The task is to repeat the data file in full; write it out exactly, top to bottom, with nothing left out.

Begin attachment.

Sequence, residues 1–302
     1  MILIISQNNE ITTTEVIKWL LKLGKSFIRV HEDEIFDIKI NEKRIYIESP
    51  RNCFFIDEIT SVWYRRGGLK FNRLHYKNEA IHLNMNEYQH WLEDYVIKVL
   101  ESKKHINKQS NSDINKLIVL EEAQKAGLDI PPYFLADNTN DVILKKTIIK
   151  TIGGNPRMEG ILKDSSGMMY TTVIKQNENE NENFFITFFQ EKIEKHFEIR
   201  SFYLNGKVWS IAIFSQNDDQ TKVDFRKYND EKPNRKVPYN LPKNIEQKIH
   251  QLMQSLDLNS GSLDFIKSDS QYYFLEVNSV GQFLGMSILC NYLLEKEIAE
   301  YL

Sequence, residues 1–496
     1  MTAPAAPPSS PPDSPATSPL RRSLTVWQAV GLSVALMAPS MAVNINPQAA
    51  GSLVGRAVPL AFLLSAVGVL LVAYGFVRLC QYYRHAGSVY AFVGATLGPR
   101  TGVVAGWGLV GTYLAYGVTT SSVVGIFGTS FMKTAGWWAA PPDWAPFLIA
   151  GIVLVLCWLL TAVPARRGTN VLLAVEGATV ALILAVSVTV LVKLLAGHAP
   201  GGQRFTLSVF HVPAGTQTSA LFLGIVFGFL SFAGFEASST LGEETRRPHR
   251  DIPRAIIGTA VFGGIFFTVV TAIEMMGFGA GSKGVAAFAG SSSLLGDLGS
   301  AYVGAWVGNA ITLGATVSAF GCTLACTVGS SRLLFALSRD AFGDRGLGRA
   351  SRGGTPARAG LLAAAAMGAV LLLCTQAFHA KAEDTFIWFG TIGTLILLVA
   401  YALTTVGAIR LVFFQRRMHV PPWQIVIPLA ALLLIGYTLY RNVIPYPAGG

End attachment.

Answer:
Sequence, residues 1–302
     1  MILIISQNNE ITTTEVIKWL LKLGKSFIRV HEDEIFDIKI NEKRIYIESP
    51  RNCFFIDEIT SVWYRRGGLK FNRLHYKNEA IHLNMNEYQH WLEDYVIKVL
   101  ESKKHINKQS NSDINKLIVL EEAQKAGLDI PPYFLADNTN DVILKKTIIK
   151  TIGGNPRMEG ILKDSSGMMY TTVIKQNENE NENFFITFFQ EKIEKHFEIR
   201  SFYLNGKVWS IAIFSQNDDQ TKVDFRKYND EKPNRKVPYN LPKNIEQKIH
   251  QLMQSLDLNS GSLDFIKSDS QYYFLEVNSV GQFLGMSILC NYLLEKEIAE
   301  YL

Sequence, residues 1–496
     1  MTAPAAPPSS PPDSPATSPL RRSLTVWQAV GLSVALMAPS MAVNINPQAA
    51  GSLVGRAVPL AFLLSAVGVL LVAYGFVRLC QYYRHAGSVY AFVGATLGPR
   101  TGVVAGWGLV GTYLAYGVTT SSVVGIFGTS FMKTAGWWAA PPDWAPFLIA
   151  GIVLVLCWLL TAVPARRGTN VLLAVEGATV ALILAVSVTV LVKLLAGHAP
   201  GGQRFTLSVF HVPAGTQTSA LFLGIVFGFL SFAGFEASST LGEETRRPHR
   251  DIPRAIIGTA VFGGIFFTVV TAIEMMGFGA GSKGVAAFAG SSSLLGDLGS
   301  AYVGAWVGNA ITLGATVSAF GCTLACTVGS SRLLFALSRD AFGDRGLGRA
   351  SRGGTPARAG LLAAAAMGAV LLLCTQAFHA KAEDTFIWFG TIGTLILLVA
   401  YALTTVGAIR LVFFQRRMHV PPWQIVIPLA ALLLIGYTLY RNVIPYPAGG